Carrying a baby in a car seat

Posted by Alina on Thursday Nov 13, 2008 Under body mechanics, health

The safest way to carry anything is to have have your center of gravity within your base of support. When standing upright, our center of gravity is at our navel, and the base of support are our feet. Weather you lean forward to pick up a box or a feather, you may still end up hurting your back, because the weight of your upper body is placed outside of your base of support (feet). It would be safer for you to walk as close to the object as possible, squat, and then lift using your legs. To carry the object, you would want to keep it as close to your upper body as possible, to reduce strain.

In keeping with the above principle,  carrying a baby strapped to a car seat by the handle of the seat is quite straining for most people. There are two good options:

1) If the baby is in the seat, lift the seat from underneath with both arms, and hold in front of you, close to your body.

2) Hold the baby with one arm, and the empty seat with the other.

As always, when carrying, keep your abdominal muscles taught to provide support for the lumbar spine.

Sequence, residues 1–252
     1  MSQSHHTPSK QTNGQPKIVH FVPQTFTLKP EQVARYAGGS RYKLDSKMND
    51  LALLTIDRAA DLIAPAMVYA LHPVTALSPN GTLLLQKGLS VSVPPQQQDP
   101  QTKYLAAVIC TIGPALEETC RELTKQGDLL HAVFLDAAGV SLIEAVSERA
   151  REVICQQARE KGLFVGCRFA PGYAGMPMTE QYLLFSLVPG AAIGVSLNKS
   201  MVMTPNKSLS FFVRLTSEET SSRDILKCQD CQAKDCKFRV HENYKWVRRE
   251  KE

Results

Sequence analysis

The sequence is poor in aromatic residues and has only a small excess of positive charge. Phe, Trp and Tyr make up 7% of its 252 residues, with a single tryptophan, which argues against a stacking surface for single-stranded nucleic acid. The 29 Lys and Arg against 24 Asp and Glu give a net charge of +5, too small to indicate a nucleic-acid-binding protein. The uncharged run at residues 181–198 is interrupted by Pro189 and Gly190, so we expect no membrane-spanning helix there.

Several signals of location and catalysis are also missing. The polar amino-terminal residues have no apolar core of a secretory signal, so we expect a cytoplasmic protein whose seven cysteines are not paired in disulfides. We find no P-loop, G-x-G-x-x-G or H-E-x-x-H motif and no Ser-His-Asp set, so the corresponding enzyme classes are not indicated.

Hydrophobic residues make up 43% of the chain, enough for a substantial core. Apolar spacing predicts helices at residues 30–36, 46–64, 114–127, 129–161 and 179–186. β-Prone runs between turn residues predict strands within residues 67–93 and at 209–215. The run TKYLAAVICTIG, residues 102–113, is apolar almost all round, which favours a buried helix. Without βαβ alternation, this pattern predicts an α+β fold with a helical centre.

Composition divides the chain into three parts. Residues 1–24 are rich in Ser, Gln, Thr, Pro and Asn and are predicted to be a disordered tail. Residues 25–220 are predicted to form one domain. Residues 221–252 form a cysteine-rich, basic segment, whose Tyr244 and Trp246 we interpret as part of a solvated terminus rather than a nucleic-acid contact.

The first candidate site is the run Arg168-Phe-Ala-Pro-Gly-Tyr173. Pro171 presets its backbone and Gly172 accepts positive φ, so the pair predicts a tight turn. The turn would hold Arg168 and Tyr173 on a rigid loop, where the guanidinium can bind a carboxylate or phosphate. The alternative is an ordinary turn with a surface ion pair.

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My son who is now six and a half months old, has begun pulling himself up in the crib. Three days ago he was getting to his knees, so we moved the crib mattress down a notch so that he would not tip over and fall out (our crib has 3 possible mattress positions). Today he started coming up on his feet, and we had to lower the mattress yet again. It’s now at the lowest possible setting. Although the crib has a drop side, the mattress is now too low to allow me (5’5″) to reach in and pick a baby who is lying down without injuring myself. When I come to the crib, my son is usually on all fours, waiting to get out, I first drop the side down, help him up to a kneeling position, then up on his feet (while he is supporting his own weight) and then I lift him up. This reduces the strain on my back, especially since I have to perform this motion several times a day. If the baby is too young for kneeling or standing, then sitting them up before lifting would also reduce strain. It is also important to keep your knees bent, tighten the abdominal muscles, avoid rounding your back over the crib side, and lift the baby up close to your chest/ shoulder.

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